Bangkok got its first sample of the C.O.G. way of life more than a year ago, when two advance men showed up in the Thai capital. For seven or eight months, they went about the city making contacts, lining up sympathizers and support, checking on immigration and visa policies, examining possible lodging-houses. Finally, everything was ready for the permanent colonists, who installed themselves unobtrusively in the former noodle shop. The colony's only sign of affluence (and it's a minor one in a country where wages are so low that textile workers recently went on strike for a pay hike to a dollar a day) is a maid who does the cooking and the cleaning. The Chinese woman who owns the small four-story building still lives there with her family in a room on the second floor. The Children of God rent the rest of the building, two of the men occupying the ground floor to guard against thieves.
For months, the Children issued forth from their alley day after day, flogging the Word in the streets. All was well, and regular reports on how many souls were being saved and that sort of thing were going up the line to the sect's distant and mysterious leader. Just your typical bunch of Jesus freaks, you might say, trying to make a go of it in a major Buddhist capital.
And then one day, a couple of young women showed up at the coffeehouse, curious about what was going on. They didn't say who they were, but one was Claudia Ross, an American reporter for the English-language Bangkok Post, and the other was her Irish roommate, Lillian Woods. The story that resulted from their visit filled most of the front page of the Post's Sunday magazine on March 24, 1974. "THEY CALL THEMSELVES CHILDREN OF GOD," went the headline, "BUT THEY PREACH HATE." The article began, "Sheltered by a camouflage of religious righteousness, the Children of God is really a parasitic cult of Bible-pounding automatons. Their theology teaches fanaticism, and their dogma preaches hate."
The rest of it was pretty much along the same lines.
With mournful, hurt expressions, the Children of God showed up in the city room the next day to ask Post managing editor Graeme Stanton for equal space. Stanton agreed, and the Children's rebuttal ran in the Friday, March 29, editions.
Earlier that morning, around three A.M., Claudia Ross was stabbed to death in her house.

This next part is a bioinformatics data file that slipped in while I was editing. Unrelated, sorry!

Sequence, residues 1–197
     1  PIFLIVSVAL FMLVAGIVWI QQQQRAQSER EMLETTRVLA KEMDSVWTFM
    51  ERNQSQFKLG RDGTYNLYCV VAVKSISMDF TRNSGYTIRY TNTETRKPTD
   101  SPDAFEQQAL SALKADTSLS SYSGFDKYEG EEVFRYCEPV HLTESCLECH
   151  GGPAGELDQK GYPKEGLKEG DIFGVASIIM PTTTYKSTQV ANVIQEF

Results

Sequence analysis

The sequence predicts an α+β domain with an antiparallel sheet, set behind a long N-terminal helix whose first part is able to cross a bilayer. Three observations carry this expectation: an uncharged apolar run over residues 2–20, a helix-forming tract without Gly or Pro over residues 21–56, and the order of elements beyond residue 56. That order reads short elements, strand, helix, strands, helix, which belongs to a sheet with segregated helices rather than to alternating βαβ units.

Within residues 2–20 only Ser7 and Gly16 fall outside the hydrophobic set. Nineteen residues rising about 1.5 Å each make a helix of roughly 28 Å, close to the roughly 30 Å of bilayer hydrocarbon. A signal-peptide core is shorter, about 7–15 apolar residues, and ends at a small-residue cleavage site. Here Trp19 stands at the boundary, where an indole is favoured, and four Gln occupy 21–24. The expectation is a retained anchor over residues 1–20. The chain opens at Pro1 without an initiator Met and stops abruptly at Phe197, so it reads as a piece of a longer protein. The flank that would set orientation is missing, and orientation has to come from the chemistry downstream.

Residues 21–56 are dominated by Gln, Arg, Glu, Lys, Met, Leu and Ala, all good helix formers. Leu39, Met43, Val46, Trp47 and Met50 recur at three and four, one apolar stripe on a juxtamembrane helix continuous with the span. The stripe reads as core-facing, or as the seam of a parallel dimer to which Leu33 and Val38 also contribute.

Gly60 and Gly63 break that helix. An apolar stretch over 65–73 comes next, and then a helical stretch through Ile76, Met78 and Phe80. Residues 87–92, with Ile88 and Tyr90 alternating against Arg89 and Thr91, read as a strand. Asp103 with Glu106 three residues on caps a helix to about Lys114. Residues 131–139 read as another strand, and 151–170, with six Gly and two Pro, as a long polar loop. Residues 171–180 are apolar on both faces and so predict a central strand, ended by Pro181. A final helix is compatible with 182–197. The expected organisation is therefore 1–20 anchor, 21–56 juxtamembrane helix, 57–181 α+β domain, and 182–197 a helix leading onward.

Miss Ross was found laid out on the floor beside her rattan bed, a sheet drawn over her boday. Her hands were crossed on her chest. She had been killed by a deep stab wound in the heart, and four other knife wounds marked her chest and abdomen. These four cuts were hardly more than scratches and seemed intended to form a design, rather than to kill. The design made by all five wounds was a cross. The prints of two large sneakers were found inside the bedroom, under the window. They were reversed- the left where the right should have been and vice versa- just as Christ's feet, in some depictions of the Agony, are crossed. The window screen had been cut, as if to suggest that a burglar had gained entrance through it. But the cut had bent the little ends of the screen wire outward, not inward. The maid's brother-in-law, wakened by the victim's screams, got to his window in time to see a large, sturdily built man climbing over the garden fence. At just that point, the police found an electric typewriter that belonged in the house, but the typewriter disappeared shortly afterward while police and sight-seers were milling around outside the house where Miss Ross had been killed.
Police theories at various times were that Miss Ross had been killed in her bedroom, in the bathroom, by someone she knew, by a sneak thief, for political reasons, by a lone murderer who entered by the door, by two murderers who climbed through the window.
Unofficial theories were just as diverse and considerably more bizarre. Miss Ross, as it happened, admired Mao Tse-tung, hated United States policy in Asia, had a low opinion of America generally and particularly loathed the Central Intelligence Agency.
And the CIA has been particularly active in Thailand. Over the years, it had pumped millions and millions of dollars into the monumentally corrupt military junta that was overthrown in 1973 by student rebels. The students have not forgotten this. Let a public opponent of the CIA's stupid meddling die in an auto accident- as one did last June in north-eastern Thailand- and some will blame the agency. In August, a student leader was shot to death at a Bangkok bus stop. Again, some blamed the CIA.